Oral Surgical and Haematological Management in a Female Patient with Turner Syndrome and Moderate Haemophilia A: Clinical Observation and Case Report



Turner syndrome patients are at higher risk of having X-linked recessive disorders that could have serious clinical implications. Somatic abnormalities that may coexist with coagulation disorders determine the medical procedure approaches.

Case Report:

We report a 29-year-old female showing dysmorphia, distinctive physical features, and coagulation disorder, referred for maxillofacial surgery. Based on clinical symptoms, the patient was diagnosed with Turner Syndrome, and haemophilia A. Karyotyping confirmed classical monosomy X in all analysed blood cells. Molecular studies revealed hemizygous point mutation c.5096A>G (p.Tyr1699Cys) in Factor VIII gene, in exon 14. This missense mutation disturbs the interaction of Factor VIII with the von Willebrand factor, causing moderate haemophilia in the proband. The article presents the clinical history and preparation of our patient for oral surgical and dental surgery treatment.


Turner syndrome patients require special attention due to the higher probability of congenital haemorrhagic diathesis. Maxillofacial surgery interventions in Turner syndrome and congenital haemorrhagic diathesis patients require individual patient preparation preventing post-extraction bleeding and ensuring proper local haemostasis.

Keywords: Turner syndrome, Moderate haemophilia A, Maxillofacial surgery, Coagulation disorders, Haemorrhagic diathesis, Dental surgery.


The congenital developmental disorder known as Turner Syndrome (TS) is characterised by a series of phenotypic abnormalities. Turner syndrome was described in 1938 by Turner. It concerned the description of a seven-year-old girl distinguished by short stature, a webbed neck, elbow deformity, and underdevelopment of secondary sex features. Sex chromosome disturbances determine observed somatic features [1-4].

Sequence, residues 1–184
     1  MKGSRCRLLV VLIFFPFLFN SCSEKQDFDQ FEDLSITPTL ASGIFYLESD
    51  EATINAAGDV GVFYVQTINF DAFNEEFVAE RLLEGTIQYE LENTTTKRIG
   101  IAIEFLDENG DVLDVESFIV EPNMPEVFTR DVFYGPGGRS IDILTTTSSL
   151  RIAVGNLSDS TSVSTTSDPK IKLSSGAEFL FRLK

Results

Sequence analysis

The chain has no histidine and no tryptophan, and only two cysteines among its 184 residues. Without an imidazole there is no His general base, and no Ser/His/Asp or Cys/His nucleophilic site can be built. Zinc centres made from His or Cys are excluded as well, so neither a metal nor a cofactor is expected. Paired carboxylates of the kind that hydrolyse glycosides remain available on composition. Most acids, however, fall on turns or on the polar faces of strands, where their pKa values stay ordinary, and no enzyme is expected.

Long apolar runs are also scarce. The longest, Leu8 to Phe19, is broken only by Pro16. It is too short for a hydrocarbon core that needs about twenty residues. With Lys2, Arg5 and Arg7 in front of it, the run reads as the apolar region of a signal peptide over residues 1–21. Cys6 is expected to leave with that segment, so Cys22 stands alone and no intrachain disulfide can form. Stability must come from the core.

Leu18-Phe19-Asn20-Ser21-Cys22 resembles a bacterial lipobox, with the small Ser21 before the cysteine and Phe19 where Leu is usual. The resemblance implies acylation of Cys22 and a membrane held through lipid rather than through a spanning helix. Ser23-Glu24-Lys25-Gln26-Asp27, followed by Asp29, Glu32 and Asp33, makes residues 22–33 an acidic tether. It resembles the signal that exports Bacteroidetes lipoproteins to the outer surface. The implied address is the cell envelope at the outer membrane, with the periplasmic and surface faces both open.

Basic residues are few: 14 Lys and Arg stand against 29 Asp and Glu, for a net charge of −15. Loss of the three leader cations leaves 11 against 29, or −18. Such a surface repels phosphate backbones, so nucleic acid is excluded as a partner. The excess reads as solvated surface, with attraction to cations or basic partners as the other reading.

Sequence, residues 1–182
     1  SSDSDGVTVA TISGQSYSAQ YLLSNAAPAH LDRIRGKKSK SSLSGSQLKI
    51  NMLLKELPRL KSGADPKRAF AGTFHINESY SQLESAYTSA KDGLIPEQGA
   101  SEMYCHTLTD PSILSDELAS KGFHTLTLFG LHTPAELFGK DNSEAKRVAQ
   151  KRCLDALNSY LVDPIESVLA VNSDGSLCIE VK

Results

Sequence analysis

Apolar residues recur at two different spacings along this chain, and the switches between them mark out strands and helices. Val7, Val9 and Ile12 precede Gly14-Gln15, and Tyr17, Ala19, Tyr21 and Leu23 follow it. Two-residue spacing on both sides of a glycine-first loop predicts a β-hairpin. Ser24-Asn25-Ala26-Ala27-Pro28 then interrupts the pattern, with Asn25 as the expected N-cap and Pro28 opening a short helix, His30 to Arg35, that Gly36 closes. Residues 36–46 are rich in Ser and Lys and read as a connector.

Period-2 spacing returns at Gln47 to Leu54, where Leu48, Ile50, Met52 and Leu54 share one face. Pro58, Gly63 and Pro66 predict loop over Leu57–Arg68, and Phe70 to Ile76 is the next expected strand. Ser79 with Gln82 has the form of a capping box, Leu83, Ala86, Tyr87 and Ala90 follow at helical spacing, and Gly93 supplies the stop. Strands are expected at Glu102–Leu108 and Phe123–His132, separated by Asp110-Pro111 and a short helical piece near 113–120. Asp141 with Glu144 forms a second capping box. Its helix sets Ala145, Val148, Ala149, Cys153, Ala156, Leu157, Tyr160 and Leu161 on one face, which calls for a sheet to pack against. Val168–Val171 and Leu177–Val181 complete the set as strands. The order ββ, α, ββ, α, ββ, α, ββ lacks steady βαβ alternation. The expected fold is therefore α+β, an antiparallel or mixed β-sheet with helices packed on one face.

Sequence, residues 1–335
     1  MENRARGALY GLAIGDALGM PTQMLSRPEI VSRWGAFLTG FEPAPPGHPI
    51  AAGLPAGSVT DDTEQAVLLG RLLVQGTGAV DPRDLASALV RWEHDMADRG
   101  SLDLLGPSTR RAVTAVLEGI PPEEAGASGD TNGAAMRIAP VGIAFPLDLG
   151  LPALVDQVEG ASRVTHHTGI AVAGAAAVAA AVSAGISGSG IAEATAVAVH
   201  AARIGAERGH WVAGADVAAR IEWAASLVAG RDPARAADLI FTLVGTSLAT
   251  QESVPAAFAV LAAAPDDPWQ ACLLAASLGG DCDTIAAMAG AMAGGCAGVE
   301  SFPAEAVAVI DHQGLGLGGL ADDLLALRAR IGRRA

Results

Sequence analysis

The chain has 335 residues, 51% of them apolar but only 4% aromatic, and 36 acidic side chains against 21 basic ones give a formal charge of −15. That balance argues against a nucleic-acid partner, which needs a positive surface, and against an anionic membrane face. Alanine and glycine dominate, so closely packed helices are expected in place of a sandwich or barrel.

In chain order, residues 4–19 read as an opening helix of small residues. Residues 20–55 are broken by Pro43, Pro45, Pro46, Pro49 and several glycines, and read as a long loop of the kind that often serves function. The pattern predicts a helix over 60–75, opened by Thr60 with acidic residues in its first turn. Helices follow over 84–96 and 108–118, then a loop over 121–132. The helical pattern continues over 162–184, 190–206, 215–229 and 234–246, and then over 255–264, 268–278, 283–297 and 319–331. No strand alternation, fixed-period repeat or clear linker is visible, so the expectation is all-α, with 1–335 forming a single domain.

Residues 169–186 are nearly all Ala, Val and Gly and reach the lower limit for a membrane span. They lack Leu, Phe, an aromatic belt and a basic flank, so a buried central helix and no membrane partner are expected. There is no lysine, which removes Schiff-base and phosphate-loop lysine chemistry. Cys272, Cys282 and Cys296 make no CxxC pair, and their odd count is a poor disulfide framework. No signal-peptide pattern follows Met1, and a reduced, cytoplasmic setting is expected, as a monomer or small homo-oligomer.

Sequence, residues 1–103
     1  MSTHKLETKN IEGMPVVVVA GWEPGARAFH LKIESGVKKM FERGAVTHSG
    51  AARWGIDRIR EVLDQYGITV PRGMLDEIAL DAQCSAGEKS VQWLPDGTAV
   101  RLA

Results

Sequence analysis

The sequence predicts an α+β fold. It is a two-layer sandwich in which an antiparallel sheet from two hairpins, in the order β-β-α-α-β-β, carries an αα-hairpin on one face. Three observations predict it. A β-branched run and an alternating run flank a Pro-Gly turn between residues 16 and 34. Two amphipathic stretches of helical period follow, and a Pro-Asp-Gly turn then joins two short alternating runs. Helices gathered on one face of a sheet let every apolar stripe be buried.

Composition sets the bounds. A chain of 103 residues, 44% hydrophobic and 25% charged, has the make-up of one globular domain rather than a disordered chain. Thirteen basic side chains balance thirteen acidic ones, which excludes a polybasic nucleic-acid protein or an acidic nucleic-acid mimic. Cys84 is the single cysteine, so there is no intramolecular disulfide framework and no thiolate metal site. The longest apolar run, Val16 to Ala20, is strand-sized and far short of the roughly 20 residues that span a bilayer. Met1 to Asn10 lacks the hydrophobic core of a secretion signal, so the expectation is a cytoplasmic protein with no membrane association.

The incidence of TS was estimated from 1: 2000 to 1: 2500 female newborns. Studies conducted by Fordin in 1959 showed a lack of one X chromosome in all or some cells. Genetic testing confirmed that 40-60% of TS cases have a 45,X karyotype called X monosomy. Less frequent structural X chromosome aberrations are observed in 12-20% of TS patients. So-called mosaic karyotypes occur in about 30-40% of women with TS [1, 2].

In addition to the above frequently described somatic anomalies, including short stature and stocky body, many other abnormalities have been distinguished in TS cases, e.g., in the masticatory organ, eyes, hearing, and internal organs (kidney hypoplasia, abnormalities in the urinary and cardiovascular systems). Diabetes and thyroid function abnormalities are also common disorders associated with TS [5, 6].

The specialist literature contains single case reports of TS symptoms coexisting with coagulation disorders, manifested as spontaneous and/or prolonged bleeding [7-9]. Shahriari et al. in 2016 described the case of a 6-month-old girl with prolonged postoperative bleeding related to ophthalmological surgery [9]. The child's blood screening parameters were normal; however, extended tests revealed abnormalities in factor VIII (FVIII) plasma activity. Genetic diagnostics tests detected a mosaic type of Turner syndrome [9].

Delayed diagnosis of coagulation factor deficiencies could have serious clinical implications [7]. Patients with TS are at higher risk of having X-linked recessive disorders due to monosomy. Mutations of genes coding factor VIII (F8) and IX (F9) on the X chromosome are inherited or could appear as de novo and are responsible for coagulation defects in female patients with TS [8, 10, 11].

In clinical practice with TS patients, we usually concentrate on somatic abnormalities associated with monosomy, but we should also focus our attention on other symptoms or abnormalities that could be caused by other coexisting genetic abnormalities [10, 12-14].


The report aims to present a rare case of female patient with Turner syndrome and a moderate haemophilia A in whom dental extraction was performed, obtaining stable local haemostasis and preventing secondary bleeding after tooth extraction.


A 29-year-old female patient with odontogenic inflammatory infiltration and an oral abscess was admitted to our clinic for treatment due to the previously diagnosed coagulation disorder. The patient experienced inflammation in the form of dental pulp necrosis of teeth 17 and 24. Due to this, she was prescribed antibiotics and painkillers. In the past, she underwent endodontic treatment. However, her teeth were not eligible for the conservative and endodontic treatment approach, and it was the indication for their surgical removal. The patient declined the extraction of these teeth formerly. Consequently, the crown of tooth 24 broke off at the level of the tooth's neck. Surgical removal of tooth 17 and tooth-root 24 was undertaken in our clinic.